Biofuels

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Biofuels are transportation fuels made from biomass materials. Biomass materials are found within our everyday lives. They include used cooking oils, wood debris, processing waste, and crops. The fuels are typically blended with petroleum fuels, but they can be used on their own as well. They are a cleaner burning fuel alternative when compared with diesel and gasoline, and biofuels can help improve air quality, reduce dependence on foreign oil, and boost economic development.
 

Biodiesel

Biodiesel can be produced from different types of oils, but in South Carolina biofuels are primarily produced from soybean oil and used cooking oil. Future feedstocks could include algae oil and oils from other native crops. Biodiesel is commonly blended into diesel in a range from 2 percent to 99 percent. However, the most common blend is called B20, which contains 80 percent regular diesel fuel mixed with 20 percent biodiesel.
 
Low-level blends of biodiesel, like B5 and B20, can be used in all diesel vehicles; some manufacturers are even looking to approve blends as high as B30. However, medium- to high-level blends of biodiesel (B75, B100) should only be used in diesel vehicles that have been designed to operate with medium to high levels of biodiesel. Contact Palmetto Clean Fuels or your vehicle manufacturer to find out if your vehicle can use medium to high levels of biodiesel. Biodiesel’s solvent effect may release carbon deposits that have accumulated on tank walls and pipes from impurities in diesel fuel. The release of these deposits can cause filters to clog initially, but long-term use of biodiesel results in lower maintenance costs.
 

The Basics of Biodiesel

Learn more about biodiesel as an alternative fuel.
 

Biodiesel Fuel Station Locator 

Find a fueling station near you.
 

Ethanol

Ethanol is manufactured exclusively from biomass sources such as agricultural grain products. E85 fuel is created by mixing 85 percent ethanol with 15 percent conventional gasoline. Vehicles that can run on E85 and conventional gasoline are called flex-fuel vehicles. Multiple auto manufacturers now host models with the flex-fuel capability as a standard feature. E85-compatible vehicles are equipped with a yellow gas cap. E15, a blend of 15 percent ethanol and 85 percent gasoline, is more widely accepted in vehicles. Check your owner’s manual for more information.
 
While most ethanol is created from corn products, many researchers are finding ways to create ethanol from the cellulosic breakdown of native, non-food plants like switchgrass, miscanthus, and many others.
 
On a lifecycle analysis basis, greenhouse gas (GHG) emissions are reduced on average by 34 percent with corn-based ethanol produced from dry mills and up to 108 percent if cellulosic feedstocks are used, compared with gasoline and diesel production and use.
 

The Basics of Ethanol

Learn more about ethanol as an alternative fuel.
 

Ethanol Fuel Station Locator 

Find a fueling station near you.
 

Renewable Diesel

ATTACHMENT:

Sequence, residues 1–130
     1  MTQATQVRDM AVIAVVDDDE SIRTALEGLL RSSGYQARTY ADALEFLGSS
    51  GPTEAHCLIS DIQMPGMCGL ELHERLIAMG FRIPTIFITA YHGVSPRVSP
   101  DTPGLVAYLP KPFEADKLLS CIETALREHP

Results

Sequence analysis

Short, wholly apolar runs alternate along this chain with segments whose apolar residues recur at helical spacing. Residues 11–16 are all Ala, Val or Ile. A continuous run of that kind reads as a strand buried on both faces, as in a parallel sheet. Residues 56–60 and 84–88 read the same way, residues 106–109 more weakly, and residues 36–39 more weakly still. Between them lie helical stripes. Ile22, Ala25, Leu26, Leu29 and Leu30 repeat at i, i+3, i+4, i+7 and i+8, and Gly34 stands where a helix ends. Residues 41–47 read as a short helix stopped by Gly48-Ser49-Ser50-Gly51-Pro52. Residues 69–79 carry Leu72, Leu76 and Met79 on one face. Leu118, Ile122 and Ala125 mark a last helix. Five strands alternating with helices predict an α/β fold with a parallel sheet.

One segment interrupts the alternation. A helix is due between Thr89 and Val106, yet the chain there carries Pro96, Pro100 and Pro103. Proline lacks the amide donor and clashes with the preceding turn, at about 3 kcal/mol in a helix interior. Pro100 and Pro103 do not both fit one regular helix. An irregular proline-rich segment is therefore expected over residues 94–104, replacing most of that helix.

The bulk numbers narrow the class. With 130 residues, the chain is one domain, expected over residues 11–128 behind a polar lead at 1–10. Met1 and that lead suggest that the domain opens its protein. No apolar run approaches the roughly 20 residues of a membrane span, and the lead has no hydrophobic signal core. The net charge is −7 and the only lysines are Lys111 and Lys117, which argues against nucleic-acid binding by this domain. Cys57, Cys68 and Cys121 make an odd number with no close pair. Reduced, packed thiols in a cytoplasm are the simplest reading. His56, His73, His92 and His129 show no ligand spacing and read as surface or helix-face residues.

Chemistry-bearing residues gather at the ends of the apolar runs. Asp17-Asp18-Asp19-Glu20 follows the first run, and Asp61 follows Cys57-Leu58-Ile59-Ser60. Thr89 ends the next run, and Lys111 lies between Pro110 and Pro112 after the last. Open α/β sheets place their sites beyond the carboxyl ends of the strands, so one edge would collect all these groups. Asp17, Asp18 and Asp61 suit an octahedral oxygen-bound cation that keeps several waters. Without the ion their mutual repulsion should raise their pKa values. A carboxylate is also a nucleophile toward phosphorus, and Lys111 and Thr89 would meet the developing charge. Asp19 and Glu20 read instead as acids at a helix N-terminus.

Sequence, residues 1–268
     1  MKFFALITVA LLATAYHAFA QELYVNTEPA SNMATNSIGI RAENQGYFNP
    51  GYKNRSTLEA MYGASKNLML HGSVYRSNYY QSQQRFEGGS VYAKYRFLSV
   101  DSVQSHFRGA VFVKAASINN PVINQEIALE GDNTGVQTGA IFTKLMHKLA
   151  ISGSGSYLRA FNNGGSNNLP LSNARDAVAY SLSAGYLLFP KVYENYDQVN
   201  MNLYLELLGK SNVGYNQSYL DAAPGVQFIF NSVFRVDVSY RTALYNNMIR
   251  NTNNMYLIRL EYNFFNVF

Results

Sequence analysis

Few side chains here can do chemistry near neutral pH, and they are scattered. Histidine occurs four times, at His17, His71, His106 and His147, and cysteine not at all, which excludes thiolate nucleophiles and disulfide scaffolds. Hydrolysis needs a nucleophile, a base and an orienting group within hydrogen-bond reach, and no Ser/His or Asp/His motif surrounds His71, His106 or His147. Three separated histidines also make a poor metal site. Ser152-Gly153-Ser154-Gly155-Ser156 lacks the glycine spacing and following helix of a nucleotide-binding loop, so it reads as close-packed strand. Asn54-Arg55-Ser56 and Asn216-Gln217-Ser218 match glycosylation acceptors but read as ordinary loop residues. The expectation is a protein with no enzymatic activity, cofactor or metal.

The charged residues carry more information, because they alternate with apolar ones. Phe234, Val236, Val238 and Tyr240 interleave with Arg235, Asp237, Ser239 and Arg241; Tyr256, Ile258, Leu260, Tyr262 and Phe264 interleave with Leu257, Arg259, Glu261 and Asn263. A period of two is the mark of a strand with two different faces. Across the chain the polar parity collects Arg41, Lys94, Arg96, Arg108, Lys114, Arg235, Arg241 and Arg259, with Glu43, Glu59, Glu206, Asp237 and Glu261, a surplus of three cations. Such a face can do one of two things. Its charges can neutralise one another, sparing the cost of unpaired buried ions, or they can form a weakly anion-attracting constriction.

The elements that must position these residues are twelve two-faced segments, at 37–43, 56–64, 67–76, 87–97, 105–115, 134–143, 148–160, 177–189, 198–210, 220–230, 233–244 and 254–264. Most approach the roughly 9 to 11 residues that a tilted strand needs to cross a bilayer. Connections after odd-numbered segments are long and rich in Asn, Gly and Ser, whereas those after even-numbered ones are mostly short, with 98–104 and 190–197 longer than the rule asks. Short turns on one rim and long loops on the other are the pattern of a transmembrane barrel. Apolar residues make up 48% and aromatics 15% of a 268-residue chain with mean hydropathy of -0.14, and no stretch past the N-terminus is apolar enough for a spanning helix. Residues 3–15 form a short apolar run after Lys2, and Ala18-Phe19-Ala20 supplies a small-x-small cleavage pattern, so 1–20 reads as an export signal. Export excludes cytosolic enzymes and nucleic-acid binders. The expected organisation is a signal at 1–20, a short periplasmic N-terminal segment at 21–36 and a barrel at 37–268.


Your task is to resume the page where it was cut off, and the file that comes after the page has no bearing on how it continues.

A direct substitute for normal diesel fuel, renewable diesel is refined from lower carbon and renewable source materials. Renewable diesel is a hydrocarbon produced from processing fats, vegetable oils, and waste cooking oils and is indistinguishable from conventional diesel. Benefits of using renewable diesel include better vehicle performance, reduced maintenance, cleaner burning, less odor, and a greater than 50 percent lifetime reduction in greenhouse gas (GHG) emissions relative to petroleum-derived diesel. Renewable diesel is considered a “drop-in” fuel, meaning no changes need to be made to existing engine components. 
 

Sustainable Aviation Fuel

Sustainable aviation fuel (SAF), sometimes referred to as renewable jet fuel, is made by blending conventional kerosene with renewable hydrocarbons. SAF is certified as “Jet-A1” fuel and is a “drop-in” fuel. SAF can be used interchangeably with petroleum-based aviation fuel with no required alterations to the aircraft or fueling infrastructure.  These drop-in jet fuels are produced from a broad range of hydrocarbon sources (feedstocks) using a wide range of conversion processes. These fuels are sometimes referred to as synthetic fuels — fuel produced from sources other than petroleum via biochemical or thermochemical processes. The fuel can be blended up to 50 percent with conventional jet fuel, following ASTM D7566 specifications.
 
Depending on the feedstock and production pathway used, alternative aviation fuels can offer reductions in GHG emissions when compared to conventional fuels. Recent research has found that some approved pathways have up to an 80 percent reduction in GHG emissions compared to conventional jet fuel, assuming no land-use change.
 
In local news, Boeing is working on the logistics of offering the use of SAF to its customers at its South Carolina Delivery Center in North Charleston, SC.
 

Commercial Aviation Alternative Fuels Initiative

Since 2006, the Commercial Aviation Alternative Fuels Initiative (CAAFI) has sought to enhance energy security and environmental sustainability for aviation through the use of SAF. CAAFI is a coalition of airlines, aircraft and engine manufacturers, energy producers, researchers, international participants, and US government agencies. Together, these stakeholders are leading the development and deployment of SAF for commercial and business aviation.
 

Renewable Hydrocarbon Biofuels

Learn more about renewable biofuels such as renewable gasoline, diesel, and jet fuel.